Former Oklahoma Gov. Frank Keating’s reported decision to resign as head of a national panel examining sex abuse by Roman Catholic priests would be a serious setback, but not a fatal one, observers said Sunday.

Keating’s media spokesman Dan Mahoney said the former governor plans to resign as chairman of the National Review Board this week, the Los Angeles Times reported Sunday, and sources later indicated an announcement could come as early as Monday.

Mahoney conceded that the timing was “awkward” but portrayed it as a planned departure after a year on the job, the Times said.

Messages left by The Associated Press with Mahoney’s and Keating’s offices were not immediately returned Sunday.

The communications director for the U.S. bishops’ conference, Monsignor Francis Maniscaldco, said he had no knowledge of any imminent resignation plan but said, “frankly, we’ve had a lot of rumors lately.”

A resignation would follow on the heels of a Times interview where Keating said of unnamed church officials: “To act like La Cosa Nostra and hide and suppress, I think, is very unhealthy. Eventually it will all come out.”

Los Angeles Cardinal Roger Mahony, whom Keating accused of listening “too much to his lawyer and not enough to his heart” in dealing with the panel’s investigation, called Keating’s comments “the last straw.”

The cardinal said he would ask other bishops to consider calling for Keating to step down during the full hierarchy’s meeting that opens Thursday in St. Louis.

The Rev. Thomas Reese of America magazine in New York said Keating’s departure would be “a setback for the bishops” and “another stumble on the way to cleaning up the bishops’ reputation.”

“The governor was obviously giving some of the bishops ulcers in the short run, but in the long run, if he had stayed around, any report he issued would have absolute credibility,” he said.

If Keating leaves, “it basically sends the message that if you’re too much of a straight shooter you’re going to get pressure to resign,” said Deal Hudson, editor of Crisis, a conservative Catholic magazine in Washington, D.C.

Hudson said that he spoke with Keating on Friday about the faceoff with Cardinal Mahony and that the governor gave no hint he would consider resigning.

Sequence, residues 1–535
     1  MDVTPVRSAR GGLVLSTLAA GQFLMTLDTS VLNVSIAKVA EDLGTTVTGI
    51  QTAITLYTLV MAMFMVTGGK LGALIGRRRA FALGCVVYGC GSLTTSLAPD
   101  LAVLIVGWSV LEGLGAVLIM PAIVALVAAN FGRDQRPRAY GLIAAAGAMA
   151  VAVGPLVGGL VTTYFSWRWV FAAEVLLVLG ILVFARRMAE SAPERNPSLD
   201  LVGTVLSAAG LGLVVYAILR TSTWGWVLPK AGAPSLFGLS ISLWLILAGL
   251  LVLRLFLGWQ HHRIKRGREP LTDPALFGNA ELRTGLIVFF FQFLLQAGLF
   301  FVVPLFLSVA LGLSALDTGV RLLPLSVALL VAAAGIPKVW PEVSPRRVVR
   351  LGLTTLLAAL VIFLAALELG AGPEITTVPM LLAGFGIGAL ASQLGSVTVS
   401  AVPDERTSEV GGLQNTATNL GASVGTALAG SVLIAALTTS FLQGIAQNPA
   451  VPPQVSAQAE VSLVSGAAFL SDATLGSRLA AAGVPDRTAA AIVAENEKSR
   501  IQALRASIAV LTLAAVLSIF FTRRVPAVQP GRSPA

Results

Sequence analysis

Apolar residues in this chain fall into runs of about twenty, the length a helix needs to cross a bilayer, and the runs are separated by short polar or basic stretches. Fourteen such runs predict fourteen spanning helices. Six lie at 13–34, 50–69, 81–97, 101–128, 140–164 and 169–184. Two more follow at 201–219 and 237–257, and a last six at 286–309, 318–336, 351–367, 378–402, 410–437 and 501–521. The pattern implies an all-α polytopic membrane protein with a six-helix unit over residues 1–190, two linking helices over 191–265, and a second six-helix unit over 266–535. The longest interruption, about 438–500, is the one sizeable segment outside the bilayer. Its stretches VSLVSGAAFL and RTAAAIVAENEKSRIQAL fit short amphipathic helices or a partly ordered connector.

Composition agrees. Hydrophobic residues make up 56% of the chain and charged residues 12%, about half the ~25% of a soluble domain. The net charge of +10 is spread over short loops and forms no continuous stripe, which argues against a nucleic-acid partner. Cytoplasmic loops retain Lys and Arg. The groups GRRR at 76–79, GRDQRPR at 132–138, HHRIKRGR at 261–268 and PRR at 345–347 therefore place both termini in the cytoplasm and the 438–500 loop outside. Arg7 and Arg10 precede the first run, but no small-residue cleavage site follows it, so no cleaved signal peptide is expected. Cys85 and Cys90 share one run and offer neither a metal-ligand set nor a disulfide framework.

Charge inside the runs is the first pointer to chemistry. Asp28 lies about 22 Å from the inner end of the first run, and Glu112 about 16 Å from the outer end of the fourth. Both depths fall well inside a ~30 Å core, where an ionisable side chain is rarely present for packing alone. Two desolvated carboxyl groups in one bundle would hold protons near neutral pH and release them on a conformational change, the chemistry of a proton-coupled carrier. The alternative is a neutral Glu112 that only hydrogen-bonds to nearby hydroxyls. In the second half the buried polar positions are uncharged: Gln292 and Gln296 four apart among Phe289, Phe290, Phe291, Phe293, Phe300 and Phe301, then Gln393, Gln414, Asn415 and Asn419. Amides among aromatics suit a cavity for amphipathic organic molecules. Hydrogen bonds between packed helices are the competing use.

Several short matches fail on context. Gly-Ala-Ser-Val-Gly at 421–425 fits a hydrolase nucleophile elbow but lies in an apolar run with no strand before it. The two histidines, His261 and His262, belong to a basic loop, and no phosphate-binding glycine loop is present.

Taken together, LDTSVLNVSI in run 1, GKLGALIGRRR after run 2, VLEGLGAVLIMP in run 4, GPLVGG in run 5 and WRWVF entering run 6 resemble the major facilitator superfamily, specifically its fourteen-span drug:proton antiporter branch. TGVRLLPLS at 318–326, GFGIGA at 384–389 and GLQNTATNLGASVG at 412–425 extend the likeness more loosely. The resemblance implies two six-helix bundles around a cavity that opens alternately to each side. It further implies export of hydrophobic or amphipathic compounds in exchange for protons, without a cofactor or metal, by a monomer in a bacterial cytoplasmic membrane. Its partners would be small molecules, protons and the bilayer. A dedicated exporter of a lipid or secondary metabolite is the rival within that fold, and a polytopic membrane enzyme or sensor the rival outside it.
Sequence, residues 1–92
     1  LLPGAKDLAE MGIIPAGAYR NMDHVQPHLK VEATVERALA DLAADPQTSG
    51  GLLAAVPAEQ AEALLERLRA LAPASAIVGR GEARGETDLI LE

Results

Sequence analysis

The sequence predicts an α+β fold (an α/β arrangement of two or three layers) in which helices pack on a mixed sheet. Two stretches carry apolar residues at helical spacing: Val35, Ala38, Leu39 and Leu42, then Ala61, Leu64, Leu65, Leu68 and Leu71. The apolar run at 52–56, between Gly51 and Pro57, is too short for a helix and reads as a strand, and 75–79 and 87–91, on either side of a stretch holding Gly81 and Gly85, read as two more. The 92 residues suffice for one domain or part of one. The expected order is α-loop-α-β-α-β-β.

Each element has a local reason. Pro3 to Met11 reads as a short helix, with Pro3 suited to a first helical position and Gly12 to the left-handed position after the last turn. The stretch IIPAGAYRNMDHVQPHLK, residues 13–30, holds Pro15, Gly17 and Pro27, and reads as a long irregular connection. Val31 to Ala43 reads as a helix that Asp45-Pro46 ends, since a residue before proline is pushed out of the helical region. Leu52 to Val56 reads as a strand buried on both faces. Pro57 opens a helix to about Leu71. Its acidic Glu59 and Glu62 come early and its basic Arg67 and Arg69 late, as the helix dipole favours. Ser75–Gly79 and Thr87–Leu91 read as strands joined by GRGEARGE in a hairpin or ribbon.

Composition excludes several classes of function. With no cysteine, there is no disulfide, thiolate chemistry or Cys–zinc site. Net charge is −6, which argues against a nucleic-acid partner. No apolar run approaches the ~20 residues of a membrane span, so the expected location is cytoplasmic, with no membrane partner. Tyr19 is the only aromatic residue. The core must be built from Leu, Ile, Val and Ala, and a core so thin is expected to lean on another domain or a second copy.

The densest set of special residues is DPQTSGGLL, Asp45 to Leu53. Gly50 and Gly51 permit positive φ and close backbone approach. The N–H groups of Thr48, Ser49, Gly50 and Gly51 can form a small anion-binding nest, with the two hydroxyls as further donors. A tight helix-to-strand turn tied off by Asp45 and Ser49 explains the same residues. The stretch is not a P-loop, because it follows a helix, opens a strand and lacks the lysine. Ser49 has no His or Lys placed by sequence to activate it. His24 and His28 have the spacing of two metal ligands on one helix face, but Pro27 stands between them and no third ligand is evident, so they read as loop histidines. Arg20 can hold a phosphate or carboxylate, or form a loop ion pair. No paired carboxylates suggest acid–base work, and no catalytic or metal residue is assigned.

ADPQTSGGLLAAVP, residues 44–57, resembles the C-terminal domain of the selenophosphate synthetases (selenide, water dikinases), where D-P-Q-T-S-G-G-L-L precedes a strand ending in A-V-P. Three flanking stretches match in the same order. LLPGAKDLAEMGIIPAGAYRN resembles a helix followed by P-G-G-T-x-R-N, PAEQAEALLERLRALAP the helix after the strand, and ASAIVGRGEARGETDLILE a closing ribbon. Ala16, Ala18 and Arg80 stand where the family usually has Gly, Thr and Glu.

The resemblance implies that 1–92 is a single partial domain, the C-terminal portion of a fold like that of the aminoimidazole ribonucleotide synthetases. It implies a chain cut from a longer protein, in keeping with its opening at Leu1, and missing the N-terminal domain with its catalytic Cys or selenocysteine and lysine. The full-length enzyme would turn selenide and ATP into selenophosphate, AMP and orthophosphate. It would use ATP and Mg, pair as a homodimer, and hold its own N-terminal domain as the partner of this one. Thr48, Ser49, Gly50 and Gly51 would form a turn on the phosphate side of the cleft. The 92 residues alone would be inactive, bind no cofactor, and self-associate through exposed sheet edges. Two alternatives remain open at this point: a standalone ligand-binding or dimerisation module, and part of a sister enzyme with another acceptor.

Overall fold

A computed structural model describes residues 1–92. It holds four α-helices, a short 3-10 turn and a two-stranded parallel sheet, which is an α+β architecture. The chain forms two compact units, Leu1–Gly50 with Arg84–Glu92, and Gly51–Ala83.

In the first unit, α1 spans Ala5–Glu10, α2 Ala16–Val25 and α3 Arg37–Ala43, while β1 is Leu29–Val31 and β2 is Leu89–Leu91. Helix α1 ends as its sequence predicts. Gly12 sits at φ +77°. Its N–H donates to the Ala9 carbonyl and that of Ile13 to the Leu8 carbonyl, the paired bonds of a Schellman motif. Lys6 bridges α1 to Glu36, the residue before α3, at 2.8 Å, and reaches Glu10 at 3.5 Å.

Representatives of abuse victims expressed dismay at the possibility.

“It’s very disturbing that a couple of candid remarks are apparently so upsetting to the bishops,” said David Clohessy, national director of Survivors Network of those Abused by Priests, which also meets in St. Louis this week. “Here’s a devout, conscientious Catholic lay person who volunteered his time and essentially his reputation to get the bishops out of trouble and he’s suddenly forced out.”

Susan Archibald, president of The Linkup, another victims’ organization, said “the problem is he’s stepping down in reaction to criticism from a bishop, and what he said was the truth. If they hesitate to speak out against bishops, then what good is the process?”

Archibald was particularly disappointed that fellow review board members criticized Keating over his remarks.

Prominent Washington attorney Robert S. Bennett, the review board member who is running its investigation of why the scandal happened, said he had not heard about a resignation but insisted it would not slow the board’s work.

“There are many very strong and outspoken members on this board who are going to remain on the board and who are going to see to it that the bishops honor their commitment to protect children and the promises they made,” Bennett said.

“It is not what we say publicly. It is the work that we do,” he said.

Besides Bennett’s investigation, the board is sponsoring a survey of the extent and patterns of abuse cases based on reports filed by all 195 dioceses.

The verbal flareup with Keating stemmed from Cardinal Mahony’s initial refusal to participate in that survey unless procedures were changed.

Bishop Wilton Gregory of Belleville, Ill., president of the U.S. bishops, appointed Keating as chairman as well as the review board’s other 12 members as part of the reform “charter” the hierarchy approved a year ago.

The charter doesn’t specify what to do if the chairman resigns. Reese assumes Gregory would choose the new chairman and someone acceptable to continuing board members, most likely one of those members.

Reese said “the bishops are beginning to realize that being more transparent and open about these issues is more difficult than they anticipated.” But he thinks Keating’s “intemperate” quotes “got in the way of doing the job the review board is there to do.”

On the Net:

National Review Board and other “charter” reforms:

AP-ES-06-15-03 1658EDT

Facebook comments